Liberty Festival 2015 / 27 July 2015
I arrived at the Liberty Festival in the Queen Elizabeth Park in Stratford with that M.E. glow, swollen glands and throbbing head in a howling freezing wind and lashing rain, thinking “what am I doing here?” By the early evening I left with that Liberty love thing that keeps me going back year on year.
Liberty has always been about a sense of community and grass roots, which has been helped in recent years by the association with Together! who presented an afternoon of music and poetry.
Michelle Baharier from Cooltan Arts read a moving tribute poem to the life of a friend who ended their life as a result of austerity policies.
And Allan Sutherland did a few poems from his forthcoming poetry collection ‘Difficult People’, which to my mind is an astute way of summing up how disabled people are represented by the media and press, generally. Inherent in the idea of us being ‘difficult’ are the reasons for how and why we continue to be marginalised. The poem ends on a typical Sutherland tongue-in-cheek cliff-hanger:
Just getting rid of us
Is what you’d like to do
Which gives us a lot in common -
We ‘d like to get rid of you.
Yes, Liberty is a watered down version of what it was when it was held in Trafalgar Square and the association with Disability Sport is incongruous because of its rootedness in a medical model of disability. And call me naive but I always thought being Mayor of a town was a job like any other, not an event brand.
However, in terms of politics with a small ‘p’, there’s still something of value about an event at which disabled people come together to share their arts and culture in a public arena…
Considering the weather and the fact Liberty’s been moved to a Sunday, guaranteeing transport routes will be out of action and PAs and carers will be in short supply, it was amazing that a reasonable crowd turned up at all.
I’d been excited about Sonic Vistas as Ivan Riches has been blogging on Dao about his motley band of assisted music technology performance artistes for a while. It was a raw and unpolished performance, but a lot of fun all the same. Kris Halpin looked super cool, playing power chords on air guitar using MiMu Gloves. The loveable Mik Scarlett, star of synth pop, reminded us that nothing about us should be without us, and the equally loveable Sophie Partridge took us home on the night train.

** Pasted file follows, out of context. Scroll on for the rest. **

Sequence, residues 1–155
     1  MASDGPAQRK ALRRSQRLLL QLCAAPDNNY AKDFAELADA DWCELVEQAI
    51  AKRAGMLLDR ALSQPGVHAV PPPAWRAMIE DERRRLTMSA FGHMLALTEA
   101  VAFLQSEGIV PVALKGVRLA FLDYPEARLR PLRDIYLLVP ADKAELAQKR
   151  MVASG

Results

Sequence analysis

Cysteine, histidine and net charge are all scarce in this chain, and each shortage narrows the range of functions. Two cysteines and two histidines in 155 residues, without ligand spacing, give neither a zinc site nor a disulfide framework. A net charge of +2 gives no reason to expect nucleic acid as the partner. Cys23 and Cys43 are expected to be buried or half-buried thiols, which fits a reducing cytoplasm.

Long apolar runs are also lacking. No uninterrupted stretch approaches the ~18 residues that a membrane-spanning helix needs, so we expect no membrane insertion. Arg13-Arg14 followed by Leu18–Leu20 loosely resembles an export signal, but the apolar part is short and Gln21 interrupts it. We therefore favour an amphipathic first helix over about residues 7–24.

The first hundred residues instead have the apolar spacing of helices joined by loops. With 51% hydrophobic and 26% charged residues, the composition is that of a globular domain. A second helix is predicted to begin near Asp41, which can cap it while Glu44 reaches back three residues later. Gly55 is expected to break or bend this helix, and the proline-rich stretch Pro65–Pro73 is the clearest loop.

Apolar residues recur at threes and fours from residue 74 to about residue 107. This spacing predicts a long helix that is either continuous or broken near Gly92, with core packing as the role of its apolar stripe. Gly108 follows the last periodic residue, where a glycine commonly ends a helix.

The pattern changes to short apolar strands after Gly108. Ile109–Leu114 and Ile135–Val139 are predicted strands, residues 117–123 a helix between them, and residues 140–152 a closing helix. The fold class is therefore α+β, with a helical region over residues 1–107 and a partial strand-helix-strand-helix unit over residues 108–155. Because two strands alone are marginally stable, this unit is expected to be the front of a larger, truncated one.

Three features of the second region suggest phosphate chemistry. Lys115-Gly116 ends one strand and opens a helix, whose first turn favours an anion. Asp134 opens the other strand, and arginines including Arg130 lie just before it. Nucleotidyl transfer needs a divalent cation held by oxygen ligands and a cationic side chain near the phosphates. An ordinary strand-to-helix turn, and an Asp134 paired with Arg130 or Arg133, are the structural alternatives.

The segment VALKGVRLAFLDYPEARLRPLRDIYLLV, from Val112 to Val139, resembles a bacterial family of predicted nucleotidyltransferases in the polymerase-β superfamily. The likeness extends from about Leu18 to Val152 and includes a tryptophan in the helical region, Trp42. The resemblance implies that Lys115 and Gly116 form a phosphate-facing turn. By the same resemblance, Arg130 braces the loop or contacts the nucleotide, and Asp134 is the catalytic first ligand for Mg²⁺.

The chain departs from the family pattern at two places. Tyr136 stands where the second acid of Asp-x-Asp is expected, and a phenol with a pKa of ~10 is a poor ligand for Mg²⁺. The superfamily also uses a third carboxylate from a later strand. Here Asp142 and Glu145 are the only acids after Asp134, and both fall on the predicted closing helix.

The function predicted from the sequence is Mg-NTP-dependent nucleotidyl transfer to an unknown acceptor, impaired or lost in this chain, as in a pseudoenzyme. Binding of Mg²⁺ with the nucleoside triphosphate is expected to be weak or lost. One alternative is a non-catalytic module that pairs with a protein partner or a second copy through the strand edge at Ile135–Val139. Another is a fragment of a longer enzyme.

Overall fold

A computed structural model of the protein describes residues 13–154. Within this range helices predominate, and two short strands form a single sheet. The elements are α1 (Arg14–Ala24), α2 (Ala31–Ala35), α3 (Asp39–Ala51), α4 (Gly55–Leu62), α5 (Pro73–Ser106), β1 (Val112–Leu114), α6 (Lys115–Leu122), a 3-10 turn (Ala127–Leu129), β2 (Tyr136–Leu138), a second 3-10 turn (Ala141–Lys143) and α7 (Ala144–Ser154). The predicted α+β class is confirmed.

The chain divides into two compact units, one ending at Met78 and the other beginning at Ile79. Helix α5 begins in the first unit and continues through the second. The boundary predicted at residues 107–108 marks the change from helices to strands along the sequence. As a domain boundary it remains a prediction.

This year we were given a range of excellent world music with the incomparable Baluji Shrivastrav, the versatile Hassan Eraji and headliners Mbongwana Star. With an irrepressible jive style style the 7-piece band have a unique sound melding African and western rock styles of music with bass lines incorporated into the playing of rhythm guitar.
I’d been keen to see the latest circus theatre offering with Jamie Bedard and John Kelly as part of Extraordinary Bodies - a partnership between Cirque Bijou & Diverse City. It looked like the weather had stopped play, but in the spirit of true troopers they decided to go ahead anyway.
The wind clearly limited how much they could do on the huge aerial platform - a ladder, come bridge/ boat structure held in place using counterweights. The narrative told the story of an escape from home by an adventurous daughter leaving behind a distraught family. A chase was played out as the structure turned 360 degrees, held by a supporting frame.
It was the kind of spectacle that Greenwich and Docklands International Festival who produced the event, are famous for. And John Kelly was in great voice with a range of ballads and rock songs telling the story of a young woman in search of colour and excitement.
Unfortunately the rain started again and rather than risking the electric guitarist going up in sparks the performance had to close mid-way, with the offer of hearing a finale with the Southwark community choir under cover in the nearest tent.
Overall it was a great day out, despite everything. I’d love to have seen more… so if it goes ahead again next year it’s certain I’ll be there…